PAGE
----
Closed-end fund

The term “closed” refers to the fact that these types of funds are closed to new investments after the initial capital has been raised for the fund. Thus, an investor is left to purchase these funds from the secondary market (market maker or another investor). Closed-end funds seldom trade near their NAV.

Do you invest in ETFs? Are there more key terms associated with them that one should know?

About the Author: Clark works in Saskatchewan and has been working to build his (DIY) investment portfolio, structured for an early retirement. He loves reading (and using the lessons learned) about personal finance, technology and minimalism.  You can read his other articles here.





7 Comments, Comment or Ping

  1. 1. Jungle

    Thanks for the primer! I never knew what NAV means.

    Another “part two” could be about how ETFs are changing and coming out with new products, such as leveraged ETFs, swap agreements, etc.

  2. A little off topic, but on CNBC yesterday I heard there are 1000 ETFs that are waiting for SEC approval to launch. Everything from small individual country ETFs to new commodity ones are on the table. To put it in context, there are currently 700 ETFs trading on U.S. markets right now.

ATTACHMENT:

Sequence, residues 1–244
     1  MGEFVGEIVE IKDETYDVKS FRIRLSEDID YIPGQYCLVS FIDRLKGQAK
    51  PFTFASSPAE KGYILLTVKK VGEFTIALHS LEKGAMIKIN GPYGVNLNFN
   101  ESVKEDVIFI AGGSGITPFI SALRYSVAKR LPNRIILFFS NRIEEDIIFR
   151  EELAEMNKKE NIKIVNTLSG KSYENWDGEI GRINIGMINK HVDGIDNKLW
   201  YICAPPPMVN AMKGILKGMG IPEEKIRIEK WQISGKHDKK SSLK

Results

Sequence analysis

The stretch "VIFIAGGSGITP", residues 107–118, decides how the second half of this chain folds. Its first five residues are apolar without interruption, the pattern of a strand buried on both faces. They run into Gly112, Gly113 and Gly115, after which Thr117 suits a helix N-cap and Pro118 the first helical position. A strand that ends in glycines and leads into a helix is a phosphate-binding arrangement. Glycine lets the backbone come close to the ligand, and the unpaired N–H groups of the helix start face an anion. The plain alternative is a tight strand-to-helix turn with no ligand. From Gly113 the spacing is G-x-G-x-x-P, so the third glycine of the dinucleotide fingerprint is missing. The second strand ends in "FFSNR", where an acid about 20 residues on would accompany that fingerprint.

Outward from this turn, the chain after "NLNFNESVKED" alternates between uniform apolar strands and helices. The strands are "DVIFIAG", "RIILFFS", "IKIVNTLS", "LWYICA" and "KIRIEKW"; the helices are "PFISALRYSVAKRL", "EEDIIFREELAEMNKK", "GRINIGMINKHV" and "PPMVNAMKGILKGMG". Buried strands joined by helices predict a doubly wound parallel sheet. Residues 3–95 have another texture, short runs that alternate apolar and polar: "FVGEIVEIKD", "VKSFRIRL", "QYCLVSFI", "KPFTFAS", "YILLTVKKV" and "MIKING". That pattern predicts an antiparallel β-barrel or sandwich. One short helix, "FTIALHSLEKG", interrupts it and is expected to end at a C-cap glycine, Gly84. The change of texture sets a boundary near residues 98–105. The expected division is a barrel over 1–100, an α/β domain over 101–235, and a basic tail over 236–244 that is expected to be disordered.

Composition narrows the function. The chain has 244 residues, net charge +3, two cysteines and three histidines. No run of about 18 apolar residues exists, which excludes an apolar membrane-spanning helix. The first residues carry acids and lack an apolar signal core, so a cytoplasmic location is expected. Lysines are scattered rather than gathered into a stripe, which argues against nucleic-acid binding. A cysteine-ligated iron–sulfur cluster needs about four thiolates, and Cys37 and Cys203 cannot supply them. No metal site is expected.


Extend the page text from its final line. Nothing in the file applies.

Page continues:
So yeah, ETFs aren’t going away anytime soon.

  3. 3. Larry

    maybe an explaining of ETF management expense ratios. A Claymore on lists Management Fees 0.50 % and Management Expense Ratio of 0.53 %. I noticed say something about HST also. Are these charges additive ie: 0.50%+0.53% = 1.03%?

  4. 4. Clark

    Thanks for the comments.

    @Jungle, @Larry: I’ll write a “Part 2″ based on your suggestions.

  5. 5. JFG

    I find that people are complicating things. ETF’s are there to make things easier for you. I have never looked at them the way you describe them. And, in all honesty, I don’t care. They are part of my buy and hold. I do re calibrate on a yearly basis (if warranted), but apart from that, they are a no brainer… AS LONG AS THEY ACTUALLY FOLLOW THE MARKET AND NOT MANAGED.

    I’ve had ETF’s for over 15 years. I buy, I hold, they grow, I look at them once a year.

  6. ETFs are quickly becoming “the new mutual fund” IMO.

    Personally, I’m avoiding all ETFs that don’t track the index.

    Like JFG, I buy, hold and like a small tree in the backyard, I watch it grow.

  7. Excellent post, Clark. Additional suggestions for follow-on article(s) could be a discussion of index-fund / ETF “tracking errors”, and/or the difference between passive-management and active management. I’m so glad you mentioned the bit about being able to buy small amounts of mutual funds without transaction fees. Those fees can really add up, especially for investors of modest means where the fee is a much higher percentage relative to their investment. There are cheap ways of getting ETFs; sharebuilder.com is one way that I’m aware of. Last thing I can think of worth mentioning is that Mutual Funds are priced only once per day, where as ETF prices are continuously adjusted. Clever readers will immediately grasp the implication that one could theoretically attempt arbitrage intra-day when there is a significant change in a mutual fund’s underlying asset base. The frowned upon tactic is called “mutual fund timing”.